KQED’s Quest: Saving California’s Coho Salmon:
Quest blog: Rewriting the coho’s story


QUEST on KQED Public Media.

California Weather Art

The top image is the current National Weather Service radar mosaic for California (yellow and orange splashes represent areas of heavier rain). The image below that is the quantitative precipitation forecast from the California Nevada River Forecast Center.

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A Fan’s Notes on Water Supply

When you first move to California from someplace where rain is just a normal part of life all year round, some of the information that shows up on the newspaper weather page seems a little odd. I'm thinking especially of the rainfall totals, calculated between July 1 and June 30, and of the reservoir and snow-depth reports. Yeah, it's vaguely comforting to know some big lake somewhere is nearly full of water, and it's troubling when it's not. The snow report makes sense when you, the auslander, learn that a lot of the water that will wind up in the reservoirs starts out as vast quantities of white stuff in the higher reaches of the Sierra Nevada. The snow and water tables in the paper generally include references  to the total for a year ago and to what's "normal" for the date. If you spend any time at all on the weather page, you develop a sort of rooting interest. Wet years with more than 100 percent of the expected rain and snow can make you feel like the home team is playoff bound. Dry years resemble those lost seasons when all the supposed stars flop and nothing quite goes right.

If the precipitation and snowfall reports are the daily standings of the water year, then meteorologists  serve as both play-by-play announcers and analysts. If you're a serious fan and want to go beyond the entertainment offered by most TV weather presenters or the few vague words that make up most newspaper and online forecasts, then you have to go to the meteorological analyses published online by government weather services. Even in that world, there are circles within circles: for the interested generalist, there's the Area Forecast Discussion posted several times daily by most National Weather Service offices (for example, here's the AFD from the Monterey, California office). Informing those discussions are weather models–vastly complex, supercomputed pictures of the weather many days into the future; the true weather fanatic learns at least the rudiments of the models, their individual peculiarities, and what they might mean in terms of observable local weather.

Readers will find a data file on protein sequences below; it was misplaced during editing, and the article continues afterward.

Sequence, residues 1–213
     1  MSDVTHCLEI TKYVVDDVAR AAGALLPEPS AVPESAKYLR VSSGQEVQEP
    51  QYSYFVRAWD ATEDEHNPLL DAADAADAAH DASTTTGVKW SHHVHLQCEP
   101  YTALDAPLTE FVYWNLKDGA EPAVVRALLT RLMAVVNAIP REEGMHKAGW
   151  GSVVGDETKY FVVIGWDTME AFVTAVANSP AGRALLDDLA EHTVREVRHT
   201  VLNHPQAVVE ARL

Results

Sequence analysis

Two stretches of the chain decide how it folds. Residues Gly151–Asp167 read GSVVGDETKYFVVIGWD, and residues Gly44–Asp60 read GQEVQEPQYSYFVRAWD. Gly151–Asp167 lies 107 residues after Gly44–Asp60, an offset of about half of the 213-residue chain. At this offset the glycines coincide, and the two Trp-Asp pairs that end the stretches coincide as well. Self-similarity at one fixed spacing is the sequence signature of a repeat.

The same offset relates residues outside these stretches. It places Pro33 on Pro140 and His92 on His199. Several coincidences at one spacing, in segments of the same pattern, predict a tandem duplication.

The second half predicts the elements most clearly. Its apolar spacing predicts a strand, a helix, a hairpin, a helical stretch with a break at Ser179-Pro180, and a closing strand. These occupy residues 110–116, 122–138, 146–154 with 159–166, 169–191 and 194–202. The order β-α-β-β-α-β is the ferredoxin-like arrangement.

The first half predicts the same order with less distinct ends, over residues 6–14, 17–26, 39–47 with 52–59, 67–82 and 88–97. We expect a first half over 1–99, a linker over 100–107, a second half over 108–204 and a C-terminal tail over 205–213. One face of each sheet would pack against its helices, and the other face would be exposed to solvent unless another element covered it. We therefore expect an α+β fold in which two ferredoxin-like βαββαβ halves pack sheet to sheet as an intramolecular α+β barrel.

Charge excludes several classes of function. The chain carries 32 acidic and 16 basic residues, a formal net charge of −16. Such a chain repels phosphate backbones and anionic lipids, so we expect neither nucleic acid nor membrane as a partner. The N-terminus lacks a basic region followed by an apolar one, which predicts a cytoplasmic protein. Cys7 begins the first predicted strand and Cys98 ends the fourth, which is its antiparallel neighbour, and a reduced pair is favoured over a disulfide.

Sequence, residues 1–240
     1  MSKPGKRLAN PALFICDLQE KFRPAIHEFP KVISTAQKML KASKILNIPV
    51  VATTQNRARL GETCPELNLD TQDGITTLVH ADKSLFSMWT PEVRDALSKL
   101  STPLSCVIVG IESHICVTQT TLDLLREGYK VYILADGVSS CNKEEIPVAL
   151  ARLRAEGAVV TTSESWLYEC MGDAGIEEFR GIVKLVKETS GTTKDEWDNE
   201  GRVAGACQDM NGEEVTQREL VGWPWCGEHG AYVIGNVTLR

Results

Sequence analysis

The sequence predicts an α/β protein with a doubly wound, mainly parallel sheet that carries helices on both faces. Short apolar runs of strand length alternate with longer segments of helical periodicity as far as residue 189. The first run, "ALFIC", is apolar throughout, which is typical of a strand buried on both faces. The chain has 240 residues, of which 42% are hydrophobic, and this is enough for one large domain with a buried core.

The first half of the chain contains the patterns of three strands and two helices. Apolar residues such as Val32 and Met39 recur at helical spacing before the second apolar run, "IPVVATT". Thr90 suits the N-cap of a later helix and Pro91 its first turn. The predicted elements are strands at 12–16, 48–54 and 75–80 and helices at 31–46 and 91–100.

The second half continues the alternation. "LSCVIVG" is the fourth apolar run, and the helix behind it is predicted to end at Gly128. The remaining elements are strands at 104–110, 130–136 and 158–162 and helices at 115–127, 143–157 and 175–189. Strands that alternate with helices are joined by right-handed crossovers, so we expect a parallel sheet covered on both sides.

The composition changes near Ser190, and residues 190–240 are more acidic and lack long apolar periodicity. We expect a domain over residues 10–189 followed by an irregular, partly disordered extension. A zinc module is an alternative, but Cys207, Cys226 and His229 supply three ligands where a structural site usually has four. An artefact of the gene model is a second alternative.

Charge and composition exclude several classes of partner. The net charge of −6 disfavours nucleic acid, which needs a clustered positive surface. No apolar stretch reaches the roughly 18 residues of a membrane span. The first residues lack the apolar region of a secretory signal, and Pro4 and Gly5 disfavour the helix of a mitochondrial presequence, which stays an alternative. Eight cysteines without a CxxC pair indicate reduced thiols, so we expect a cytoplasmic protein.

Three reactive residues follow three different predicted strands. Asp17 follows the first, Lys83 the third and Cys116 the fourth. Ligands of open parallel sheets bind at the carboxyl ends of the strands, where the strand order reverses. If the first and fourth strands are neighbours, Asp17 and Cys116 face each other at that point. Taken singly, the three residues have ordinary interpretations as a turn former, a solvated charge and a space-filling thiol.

Me, I haven't pushed the geek level much. I'm pondering the meaning of terms like "500mb heights" and  "pressure surfaces" but don't employ them in polite company or even bar-room conversation. However, my interest is real. We're nearing a key date in our water year–the California Department of Water Resources will take its first formal snow measurements of the season in a couple of days. Fans will be watching closely because frankly our 2009-2010 water year hasn't gotten off to a great start; while most reservoirs are a little fuller than they were a year ago, most are also well under average levels.

Now, while I'm waiting for the pre-measurement festivities to begin, I'm consulting the oracles of the sport. Among my newer winter weather reading is the California-Nevada River Forecast Center's daily "Hydrometeorological Discussion." Issued at 9:30 a.m. every morning, it summarizes rainfall and snowfall for the last 24 hours, then reviews what the weather models are saying about incoming storms for the next three days. Whereas the Area Forecast Discussion focuses on conditions in the geographic districts they cover, the CNRFC discussion looks at conditions in watersheds and river drainages. If you live in California and you're preoccupied with  water supply, the rain falling in the mountains above Lakes Shasta and Oroville, the state's two biggest reservoirs, probably means a lot more than whatever happens to fall on your neighborhood–where there's no place to store all the water that's coming down.